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Archive by Date | Archive by Article Title
The Kiss in Art – What’s in a Name ?
'The Kiss' has been a popular subject in art since the Romanticism of the late 1800s. It may just be a sign of affection in art or 'the kiss' may take on a different meaning and title. I’ll discuss the controversy surrounding this social gesture.
Hudson River Valley Artists & Idealized Landscapes
Thomas Cole and his pupil Frederick E. Church painted romantic landscapes. Were these idyllic settings a truthful record of nature in the 19th century or did these artists edit their works to satisfy their buyers’ desires?
Vespucci Notes Hold Key to Identity of Mona Lisa
The most recognized painting in the world, with her enigmatic smile, Mona Lisa’s true identity may finally be revealed due to the discovery of notes written in the margin of a book in the Heidelberg University Library in Germany.
Endangered Threatened Animals Used in Art Objects
While visiting the MFA in Boston, I realized how some animals and species are now endangered or threatened due to the demand for certain materials for ornamental purposes. The exhibit displays examples of jewelry made from these ‘natural’ treasures.
And Yet Another Rembrandt Self Portrait
As it is difficult for any two art experts to agree on the actual number of Rembrandt self portraits, a painting dated 1665 from the Kenwood House, London will travel outside of Europe for the first time in 2012.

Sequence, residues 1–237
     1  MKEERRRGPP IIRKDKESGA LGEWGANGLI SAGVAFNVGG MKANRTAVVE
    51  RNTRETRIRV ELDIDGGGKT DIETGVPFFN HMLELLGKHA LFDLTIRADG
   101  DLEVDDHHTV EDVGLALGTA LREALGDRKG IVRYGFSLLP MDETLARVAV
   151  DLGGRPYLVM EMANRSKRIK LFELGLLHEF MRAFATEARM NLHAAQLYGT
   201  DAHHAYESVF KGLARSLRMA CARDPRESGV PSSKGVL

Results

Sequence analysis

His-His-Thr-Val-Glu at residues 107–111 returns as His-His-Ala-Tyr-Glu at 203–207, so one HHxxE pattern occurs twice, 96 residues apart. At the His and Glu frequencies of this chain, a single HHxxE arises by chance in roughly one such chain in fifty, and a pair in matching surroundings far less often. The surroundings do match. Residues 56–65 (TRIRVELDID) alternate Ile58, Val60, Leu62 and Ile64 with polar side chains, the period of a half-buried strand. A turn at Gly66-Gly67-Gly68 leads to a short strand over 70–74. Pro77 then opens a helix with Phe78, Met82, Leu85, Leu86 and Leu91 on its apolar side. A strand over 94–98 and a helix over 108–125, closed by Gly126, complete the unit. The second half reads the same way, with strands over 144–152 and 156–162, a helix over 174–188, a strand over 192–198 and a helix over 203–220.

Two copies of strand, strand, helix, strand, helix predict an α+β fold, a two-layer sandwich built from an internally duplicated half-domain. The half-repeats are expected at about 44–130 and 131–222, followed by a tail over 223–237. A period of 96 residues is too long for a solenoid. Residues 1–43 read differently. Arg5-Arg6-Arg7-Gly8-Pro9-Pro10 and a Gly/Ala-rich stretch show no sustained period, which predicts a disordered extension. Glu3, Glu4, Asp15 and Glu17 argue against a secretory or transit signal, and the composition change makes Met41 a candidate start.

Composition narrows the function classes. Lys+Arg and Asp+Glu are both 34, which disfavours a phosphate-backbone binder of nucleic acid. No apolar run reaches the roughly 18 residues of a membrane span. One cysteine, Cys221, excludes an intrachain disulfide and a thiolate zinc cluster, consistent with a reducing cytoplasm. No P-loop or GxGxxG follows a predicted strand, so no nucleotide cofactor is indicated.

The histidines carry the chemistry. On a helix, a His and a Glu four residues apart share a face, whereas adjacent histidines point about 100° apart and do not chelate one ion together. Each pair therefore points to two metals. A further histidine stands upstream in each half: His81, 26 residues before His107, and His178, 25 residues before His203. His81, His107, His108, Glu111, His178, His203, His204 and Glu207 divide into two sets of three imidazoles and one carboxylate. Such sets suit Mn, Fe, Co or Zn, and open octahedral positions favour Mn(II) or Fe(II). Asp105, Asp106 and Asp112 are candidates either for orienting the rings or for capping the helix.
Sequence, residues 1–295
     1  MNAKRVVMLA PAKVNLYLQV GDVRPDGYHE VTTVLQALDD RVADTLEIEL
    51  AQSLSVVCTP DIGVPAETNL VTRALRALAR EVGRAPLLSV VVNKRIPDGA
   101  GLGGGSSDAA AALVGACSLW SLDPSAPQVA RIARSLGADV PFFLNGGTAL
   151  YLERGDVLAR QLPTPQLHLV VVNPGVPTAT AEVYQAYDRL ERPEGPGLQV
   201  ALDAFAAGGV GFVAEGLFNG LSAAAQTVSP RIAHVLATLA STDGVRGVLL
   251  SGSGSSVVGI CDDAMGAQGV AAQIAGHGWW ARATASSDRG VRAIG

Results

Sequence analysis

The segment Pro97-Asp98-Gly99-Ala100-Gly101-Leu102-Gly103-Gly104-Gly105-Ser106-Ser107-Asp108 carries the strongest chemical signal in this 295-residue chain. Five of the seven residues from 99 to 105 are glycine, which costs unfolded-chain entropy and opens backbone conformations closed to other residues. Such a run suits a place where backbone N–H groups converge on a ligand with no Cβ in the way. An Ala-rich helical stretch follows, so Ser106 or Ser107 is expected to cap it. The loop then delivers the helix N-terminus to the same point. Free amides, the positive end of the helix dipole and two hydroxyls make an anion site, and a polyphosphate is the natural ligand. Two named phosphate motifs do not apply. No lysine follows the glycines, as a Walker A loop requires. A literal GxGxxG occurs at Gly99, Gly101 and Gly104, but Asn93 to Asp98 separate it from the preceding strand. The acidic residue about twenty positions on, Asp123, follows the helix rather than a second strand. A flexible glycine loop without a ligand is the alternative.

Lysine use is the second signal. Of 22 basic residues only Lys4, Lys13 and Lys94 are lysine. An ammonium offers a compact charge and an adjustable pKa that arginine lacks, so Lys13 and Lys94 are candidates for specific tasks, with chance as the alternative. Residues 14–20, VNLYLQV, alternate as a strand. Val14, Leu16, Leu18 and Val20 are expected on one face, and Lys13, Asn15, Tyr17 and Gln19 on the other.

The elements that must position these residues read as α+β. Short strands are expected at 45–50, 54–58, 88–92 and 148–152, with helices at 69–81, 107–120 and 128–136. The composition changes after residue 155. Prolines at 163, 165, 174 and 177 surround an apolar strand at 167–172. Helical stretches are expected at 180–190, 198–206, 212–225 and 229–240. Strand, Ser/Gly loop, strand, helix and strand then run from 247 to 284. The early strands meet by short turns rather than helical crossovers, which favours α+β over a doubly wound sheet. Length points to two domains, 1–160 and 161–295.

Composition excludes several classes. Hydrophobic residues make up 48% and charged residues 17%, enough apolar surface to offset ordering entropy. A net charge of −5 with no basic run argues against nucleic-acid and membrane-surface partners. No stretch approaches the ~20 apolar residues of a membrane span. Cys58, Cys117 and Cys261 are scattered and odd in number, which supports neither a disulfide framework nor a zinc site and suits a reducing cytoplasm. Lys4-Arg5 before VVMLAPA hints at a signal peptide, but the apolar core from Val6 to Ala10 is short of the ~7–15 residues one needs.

‘Art For Dummies’ book by Thomas Hoving
The former director of the Metropolitan Museum of Art in NY writes a comprehensive book for a broad overview of art collections and museums. I will recommend an abbreviated list of art from the book, and my viewpoint.
Film Directors as Artists
Woody Allen denies that he is one of these, yet points to fellow film directors as being true ‘artists’. I’ll discuss these internationally acclaimed directors.
Damien Hirst’s Spot Paintings & On Mortality
British artist Damien Hirst has an unprecedented one man show at Gagosian Galleries worldwide. I’ll discuss how his Spot Paintings relate to mortality (his) and 'what four things he would take from a burning building.’
Three Leonardo Paintings on View in London
Two versions of Leonardo’s "Virgin of the Rocks" and his "Lady With the Ermine" are in the exhibit, "Leonardo da Vinci: Painter at the Court of Milan" at the National Gallery, London until February 2012.
Napoleon and Famous Arches in Paris, France
Napoleon Bonaparte, emperor of France (1804-1815) commissioned the building of arches in Paris to celebrate his military triumphs; however, one was moved and another had its sculpture replaced.
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